A recent New York appellate court decision – the latest in the tumultuous saga of Gardiner’s Island in the town of East Hampton, N.Y. – provides a nice opportunity to re-visit the rules regarding who has standing to enforce a charitable trust.
Lion Gardiner, an early English settler, is said to have purchased the island in 1639 from the Montaukett Indians in exchange for a large black dog, some powder and shot and a few Dutch blankets. He also secured a charter from England making him “Lord of the Manor” and giving him the “right to possess the land forever.” Lion himself called the island the “Isle of Wight,” but it’s since become known as “Gardiner’s Island.”
Gardiner’s Island is home to forests, meadows and streams, treasure buried by William Kidd, New York’s first witch hunt (and trial) and Sagtikos Manor, a 10-acre plot improved with a historic manor house where George Washington once slept while president. The original house burned down in 1947, and then-owner Sarah Diodati Gardiner built the current house that same year.
When Sarah died, she left the Gardiner’s Island property in trust to her nephew, Robert David Lion Gardiner (Bob), and her niece, Alexandra Gardiner Creel. Bob saw himself as the custodian of his family’s history and, in addition to giving tours of the island himself for many years, allowed the Sagtikos Manor Historical Society to maintain the property and give tours as well. All the while, Bob was deeply concerned that his sister’s family was secretly plotting to sell Gardiner’s Island off to developers and destroy the place he loved. For roughly 30 years, Bob was embroiled in highly-publicized fights over the ownership and development of the island with his niece, Alexandra Creel Goelet, who eventually inherited her mother’s interest when she died.
Charitable Foundation Established
Bob had no children, but he established a charitable foundation – the Robert David Lion Gardiner Foundation – and conveyed the manor to the Foundation, in trust, in 1985. Bob didn’t name specific beneficiaries of the charitable trust, but provided generally that the Foundation’s purpose was, among other things, to educate and inform the public about the history of the area and encourage and sponsor existing and future historical societies relevant to the area’s tradition and heritage. In 2002, while Bob was still alive, the Foundation sold the manor to Suffolk County. The Historical Society wasn’t aware of the sale at the time, but later entered into an agreement with the County to continue its maintenance and preservation of the manor.
Bob died in 2004, leaving his estate in trust for the benefit of his wife, Eunice, during her lifetime, with the remainder to the Foundation when she died. Eunice died in 2011, at which time the trust contained over $80 million, which was distributed to the Foundation.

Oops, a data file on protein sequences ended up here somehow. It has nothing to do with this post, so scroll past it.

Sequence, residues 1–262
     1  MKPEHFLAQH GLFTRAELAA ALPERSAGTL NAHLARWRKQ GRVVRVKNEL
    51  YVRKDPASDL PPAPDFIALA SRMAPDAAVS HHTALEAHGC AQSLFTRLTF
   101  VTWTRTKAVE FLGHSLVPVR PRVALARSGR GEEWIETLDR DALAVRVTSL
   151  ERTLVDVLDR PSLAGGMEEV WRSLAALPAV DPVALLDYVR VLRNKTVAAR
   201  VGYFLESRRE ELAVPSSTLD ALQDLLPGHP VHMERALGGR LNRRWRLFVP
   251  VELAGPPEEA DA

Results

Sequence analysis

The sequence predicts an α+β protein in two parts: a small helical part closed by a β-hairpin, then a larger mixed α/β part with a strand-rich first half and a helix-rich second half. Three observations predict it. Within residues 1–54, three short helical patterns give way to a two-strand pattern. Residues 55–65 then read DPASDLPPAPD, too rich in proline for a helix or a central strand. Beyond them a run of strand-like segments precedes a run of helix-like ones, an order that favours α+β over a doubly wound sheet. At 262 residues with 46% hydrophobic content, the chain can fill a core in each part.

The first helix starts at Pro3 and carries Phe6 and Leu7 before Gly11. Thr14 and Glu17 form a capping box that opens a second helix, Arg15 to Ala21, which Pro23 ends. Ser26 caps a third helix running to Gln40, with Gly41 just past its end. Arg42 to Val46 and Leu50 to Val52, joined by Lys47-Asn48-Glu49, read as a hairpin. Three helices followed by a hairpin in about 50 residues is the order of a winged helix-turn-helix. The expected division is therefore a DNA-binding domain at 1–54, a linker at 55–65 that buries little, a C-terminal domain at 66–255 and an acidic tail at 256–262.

The Historical Society, suspecting that the Foundation’s trustees had changed the charitable purposes from what Bob intended and were pilfering from the trust, requested an accounting from the Foundation. The Foundation rejected the request because the Historical Society wasn’t named as a beneficiary under Bob’s will or trust(s).
No Standing to Sue
The Historical Society filed suit in the Suffolk County Supreme Court, seeking a declaratory judgment that Bob’s intent had been to preserve and support the manor, that this was the true charitable purpose of the Foundation and that the Historical Society was an intended beneficiary.
The Foundation argued that the Historical Society lacked standing and that, therefore, the case should be dismissed, but the trial court denied the motion. The Foundation appealed. The appellate court applied the general rule (codified by statute in New York) that persons who may be affected by the administration of a charitable trust but who aren’t identified beneficiaries lack standing to commence an enforcement action.1 Rather, the attorney general typically represents the beneficiaries of charitable trusts and is tasked with enforcing their rights.
There are limited exceptions to this rule. For example, courts often find that co-trustees, former trustees, directors of a charitable trust and other similarly-situated fiduciaries have standing to represent the beneficiaries in an enforcement action against the current trustees. Additionally, a party may have standing based on a “special interest” in enforcing the trust if it’s one of a class of intended charitable beneficiaries entitled to a preference. The class of intended beneficiaries must be sharply defined and limited in number for this exception to apply.
As it turned out, the Foundation had amended its certificate of incorporation in 1987. The amendment stated that its charitable purpose included educating the public about state and local history and encouraging and sponsoring existing historical societies. The Historical Society wasn’t named as a beneficiary, and therefore wasn’t part of any sharply defined class with standing. Notably, the fact that the purpose had been amended was inconsequential, as the Historical Society wouldn’t have made the cut under the original stated purpose either.
Bob didn’t name any specific beneficiaries, so with no sharply defined class to speak of, the attorney general may be the only one with standing to bring an enforcement suit against the Foundation. To date, it’s declined to do so.
1. Sagtikos Manor Historical Soc., Inc. v. Robert David Lion Gardiner Foundation, Inc., 127 A.D. 3d 1056 (N.Y. App. Div. (April 22, 2015).